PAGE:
The report emphasises that the development of vision must be part of a collaborative process. However, I have worked in organisations where it’s quite obviously that the leader has no particular vision themselves and this can be debilitating when this happens.

The report quite clearly sets out the danger of over-simplification and of the downplaying of management and management practices and the over-used word and under-used reality of operating strategically is well defined:

“Strategic thinking is a demanding task that requires leaders to consider competing priorities and make the hard decisions about those issues that are absolutely central to future development. It requires the ability to look some way ahead and to understand the factors that will have an impact. An effective strategist is able to see the big picture: pg 48 -with some very useful examples being drawn from inspection reports.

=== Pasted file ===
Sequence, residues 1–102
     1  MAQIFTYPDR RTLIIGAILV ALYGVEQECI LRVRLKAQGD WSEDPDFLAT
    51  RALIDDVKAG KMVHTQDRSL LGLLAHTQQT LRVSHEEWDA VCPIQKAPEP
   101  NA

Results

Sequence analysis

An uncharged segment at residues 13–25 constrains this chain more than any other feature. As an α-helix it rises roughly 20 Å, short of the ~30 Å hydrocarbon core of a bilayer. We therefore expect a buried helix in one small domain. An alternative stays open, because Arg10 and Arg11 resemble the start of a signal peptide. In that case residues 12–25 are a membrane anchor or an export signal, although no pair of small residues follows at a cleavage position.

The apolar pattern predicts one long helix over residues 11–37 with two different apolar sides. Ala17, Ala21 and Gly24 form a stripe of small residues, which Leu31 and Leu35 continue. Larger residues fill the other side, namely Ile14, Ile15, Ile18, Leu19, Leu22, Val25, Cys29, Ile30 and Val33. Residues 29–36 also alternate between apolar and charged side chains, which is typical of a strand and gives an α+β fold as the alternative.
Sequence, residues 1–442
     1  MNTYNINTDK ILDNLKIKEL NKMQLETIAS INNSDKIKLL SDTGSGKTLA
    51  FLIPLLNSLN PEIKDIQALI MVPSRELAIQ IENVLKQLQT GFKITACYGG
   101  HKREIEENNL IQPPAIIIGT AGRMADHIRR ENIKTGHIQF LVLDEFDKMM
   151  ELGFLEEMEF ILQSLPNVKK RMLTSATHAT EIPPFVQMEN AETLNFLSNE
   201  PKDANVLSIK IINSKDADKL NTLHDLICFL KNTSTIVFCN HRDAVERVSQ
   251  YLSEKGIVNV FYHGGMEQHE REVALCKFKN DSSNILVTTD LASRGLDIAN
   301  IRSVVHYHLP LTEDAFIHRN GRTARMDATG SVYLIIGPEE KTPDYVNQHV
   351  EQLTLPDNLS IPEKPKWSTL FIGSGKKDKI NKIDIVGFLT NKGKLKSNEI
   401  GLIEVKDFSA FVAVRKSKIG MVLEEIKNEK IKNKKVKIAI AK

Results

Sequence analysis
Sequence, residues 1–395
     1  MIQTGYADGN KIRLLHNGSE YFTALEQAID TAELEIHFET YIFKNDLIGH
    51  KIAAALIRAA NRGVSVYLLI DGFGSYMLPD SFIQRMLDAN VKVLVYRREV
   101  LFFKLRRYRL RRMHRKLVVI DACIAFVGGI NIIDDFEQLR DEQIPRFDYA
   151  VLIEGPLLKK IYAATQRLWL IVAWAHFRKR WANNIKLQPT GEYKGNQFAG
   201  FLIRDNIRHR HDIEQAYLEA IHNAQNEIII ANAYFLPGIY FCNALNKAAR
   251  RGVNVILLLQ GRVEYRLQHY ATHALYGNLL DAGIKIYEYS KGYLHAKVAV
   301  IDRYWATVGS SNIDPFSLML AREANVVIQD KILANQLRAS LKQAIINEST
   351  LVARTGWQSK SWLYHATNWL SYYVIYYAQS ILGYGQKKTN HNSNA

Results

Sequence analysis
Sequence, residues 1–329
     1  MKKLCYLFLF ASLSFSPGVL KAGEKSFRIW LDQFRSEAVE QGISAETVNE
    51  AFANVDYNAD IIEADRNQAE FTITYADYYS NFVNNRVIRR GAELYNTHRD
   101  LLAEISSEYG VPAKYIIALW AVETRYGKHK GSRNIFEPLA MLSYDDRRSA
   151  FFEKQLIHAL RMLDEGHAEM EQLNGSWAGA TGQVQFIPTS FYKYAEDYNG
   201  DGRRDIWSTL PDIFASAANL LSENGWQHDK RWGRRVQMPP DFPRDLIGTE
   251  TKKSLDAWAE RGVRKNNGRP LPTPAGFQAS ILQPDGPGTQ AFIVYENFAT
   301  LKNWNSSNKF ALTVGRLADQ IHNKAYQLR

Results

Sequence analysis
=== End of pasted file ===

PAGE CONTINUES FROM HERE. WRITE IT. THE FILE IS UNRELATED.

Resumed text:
I found a lot of the section on developing people and partnerships to be a bit shallow. It’s all very well to describe the importance of creating an “empowering” culture – quite another to translate it into reality. Reference is made to Peter Senge’s Fifth Discipline but I was surprised that it completely missed out the most important concept of systems thinking – i.e. seeing the inter-connections between all the various things we do as leaders – I feel this is a critical element to successful leadership practice.

I was also disappointed that the relationship between “challenge” and “support” was not fully explored. These are key phrases used by the HMIe and local authorities yet no definition was offered. I’m keen that we move on from the notion of challenge and support to validation and support – which would sit much more neatly with the focus on valid and reliable self-evaluation. There was also an important omission about the difficult conversations that leaders need to have to people who are quite obviously underperforming.

However, I liked the emphasis on high leverage activities such as:

  • regular opportunities to observe what is happening in ‘classrooms’ along with immediate, face-to-face feedback to staff;
  • rigorous analysis of data to highlight trends in performance, pinpoint areas of under performance and develop plans of action linked to priority areas;
  • simple and effective target-setting and tracking systems to monitor the performance of learners;